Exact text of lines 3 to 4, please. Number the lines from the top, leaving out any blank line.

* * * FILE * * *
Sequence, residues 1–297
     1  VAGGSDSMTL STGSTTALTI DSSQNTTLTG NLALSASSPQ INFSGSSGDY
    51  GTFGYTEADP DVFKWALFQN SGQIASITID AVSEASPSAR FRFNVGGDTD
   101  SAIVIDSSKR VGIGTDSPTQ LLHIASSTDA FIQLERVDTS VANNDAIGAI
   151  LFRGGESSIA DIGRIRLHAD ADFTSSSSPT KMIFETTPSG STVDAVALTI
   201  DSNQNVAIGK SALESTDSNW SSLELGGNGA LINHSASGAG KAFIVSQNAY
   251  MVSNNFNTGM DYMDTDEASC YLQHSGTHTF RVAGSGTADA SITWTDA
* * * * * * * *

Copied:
    51  GTFGYTEADP DVFKWALFQN SGQIASITID AVSEASPSAR FRFNVGGDTD
   101  SAIVIDSSKR VGIGTDSPTQ LLHIASSTDA FIQLERVDTS VANNDAIGAI